Amanda Kolson Hurley’s recent post about her experience receiving a home energy audit highlighted the key role of the energy professional. It is a topic Earth Advantage Institute (EAI) has been studying for some time. On Aug. 31, 2012, the U.S. Department of Energy (DOE) released a report called Behavioral Perspectives on Home Energy Audits in collaboration with Portland State University, Research Into Action, EAI, and Lawrence Berkeley National Laboratory.
The research takes a step back from the clutter, assumptions, and prejudices inherent in the energy efficiency industry and objectively analyzes the impact of energy assessments, audit reports, energy labels, and new technologies that promote home energy upgrades. What is it that really motivates homeowners to make upgrades to their homes? One key finding — relationships matter.
Major Efficiency Program Improvements
Energy efficiency program providers are making great strides in how they deliver relevant information and analysis to homeowners about their home. Utilities and community-based energy efficiency programs across the country are working with a wide range of techniques and tools to encourage homeowners to pay attention to their energy use and make upgrades to their homes.
Web-based utility bill assessments like Opower have now firmly planted energy efficiency in the Facebook generation. Yet not all of these new technologies, approaches, and social media connections actually result in a significant uptick in energy efficiency improvements. For the energy efficiency industry, especially utility program managers and home performance contractors, understanding the variables that motivate a homeowner to undertake an upgrade is critical to achieving broad energy savings and carbon reduction goals.
Focusing on the Homeowner
One of the important conclusions in the DOE study relates to the importance of recognizing homeowner perspectives. It asserts that a simple repackaging of energy efficiency should be focused on appreciating the unique position of each homeowner and their particular perspective about their home. Of course, understanding a homeowner’s needs requires building a relationship with him or her, which can take an investment of time. This can be challenging for energy assessors and home performance contractors, for whom time equals money.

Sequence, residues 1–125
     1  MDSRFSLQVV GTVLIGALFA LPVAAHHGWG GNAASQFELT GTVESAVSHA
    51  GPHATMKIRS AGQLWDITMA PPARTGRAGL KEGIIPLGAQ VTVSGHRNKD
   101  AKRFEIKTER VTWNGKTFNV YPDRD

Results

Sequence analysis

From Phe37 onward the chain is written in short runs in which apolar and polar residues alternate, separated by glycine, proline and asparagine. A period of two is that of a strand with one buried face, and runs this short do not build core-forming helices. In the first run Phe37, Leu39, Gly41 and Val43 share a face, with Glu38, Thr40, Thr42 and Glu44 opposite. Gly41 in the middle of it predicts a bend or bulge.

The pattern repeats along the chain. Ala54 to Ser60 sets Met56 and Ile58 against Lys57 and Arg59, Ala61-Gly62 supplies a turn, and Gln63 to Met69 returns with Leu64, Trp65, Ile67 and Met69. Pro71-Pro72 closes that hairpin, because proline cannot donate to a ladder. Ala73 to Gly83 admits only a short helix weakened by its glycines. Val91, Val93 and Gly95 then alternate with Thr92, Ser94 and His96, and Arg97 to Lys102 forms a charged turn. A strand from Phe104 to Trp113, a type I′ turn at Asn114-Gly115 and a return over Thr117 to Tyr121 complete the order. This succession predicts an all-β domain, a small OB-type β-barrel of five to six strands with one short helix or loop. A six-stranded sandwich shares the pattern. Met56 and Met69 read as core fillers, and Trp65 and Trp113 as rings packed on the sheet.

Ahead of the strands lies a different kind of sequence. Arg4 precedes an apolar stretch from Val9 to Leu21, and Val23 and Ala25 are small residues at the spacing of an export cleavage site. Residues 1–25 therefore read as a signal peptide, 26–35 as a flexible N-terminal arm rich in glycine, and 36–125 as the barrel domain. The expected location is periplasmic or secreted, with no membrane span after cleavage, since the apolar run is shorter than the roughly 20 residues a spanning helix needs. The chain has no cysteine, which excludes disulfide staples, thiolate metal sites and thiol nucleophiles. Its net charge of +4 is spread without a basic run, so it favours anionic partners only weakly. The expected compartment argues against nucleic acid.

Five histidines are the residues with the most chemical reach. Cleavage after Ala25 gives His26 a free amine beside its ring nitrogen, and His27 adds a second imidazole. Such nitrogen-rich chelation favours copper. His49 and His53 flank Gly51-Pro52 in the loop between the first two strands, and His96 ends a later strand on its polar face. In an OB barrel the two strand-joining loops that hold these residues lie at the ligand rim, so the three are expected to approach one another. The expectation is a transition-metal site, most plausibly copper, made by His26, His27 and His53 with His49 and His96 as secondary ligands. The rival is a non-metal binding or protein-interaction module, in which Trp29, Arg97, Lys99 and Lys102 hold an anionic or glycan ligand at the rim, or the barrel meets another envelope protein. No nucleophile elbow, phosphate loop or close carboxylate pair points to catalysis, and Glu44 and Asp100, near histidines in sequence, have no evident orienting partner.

If a professional has three hours to spend in a home, how should they be using that time to best ensure the homeowner’s commitment to undertaking an upgrade? The DOE study suggests that while the technical components of an energy assessment are helpful in catalyzing a homeowner, the homeowner’s interaction with the person doing the assessment is of considerable influence. The study underscores the benefit of having an energy professional actually in the home who can engage the homeowner and verbally explain how the home is performing.
So how does an energy professional balance these competing needs: the need to spend time doing a technically thorough assessment against the need to engage with the homeowner and build the relationship? EAI has carefully considered this conundrum. Its conclusion is that the key to freeing up critical time to build customer relationships is to provide those doing energy assessments with auditing tools that simplify their work while maintaining accuracy.
EAI, in collaboration with Michael Blasnik & Associates, has spent several years developing CakeSystems℠ (formerly EPS Auditor Pro) as one of these potential technology solutions. There are of course other tools on the market working to accelerate the home upgrade process, such as OptiMiser, EnergyMeasure Home, and the DOE’s Home Energy Score tool. Time will tell what tools deliver the right set of features to both energy efficiency programs and home energy contractors.
Relationships Equal Results
Whatever specific tool is used, if energy contractors have the time to get to know what the homeowner wants for their home — their place of family and security — the DOE study suggests that there is a greater possibility for energy upgrades. All the fancy energy efficiency marketing promotions, advertising, and even rebates can’t replace the time spent building a customer relationship that is backed up with technical details packaged in a consumer-friendly manner.
The home is an emotional place and the decisions that surround it are couched firmly in that emotion. The more personal and longer-lasting the contact, the easier it is to build trust. With the right tools that make the assessment easier and faster, the energy professional can truly function as an expert agent and advisor and have an important influence on what homeowners decide to do. But the energy professional must have the time to engage and advise.
Anthony Roy is the Policy & Strategy Development Manager at Earth Advantage Institute (EAI). At EAI, Anthony works on energy benchmarking and disclosure policy as well as the implementation of residential energy performance scoring efforts.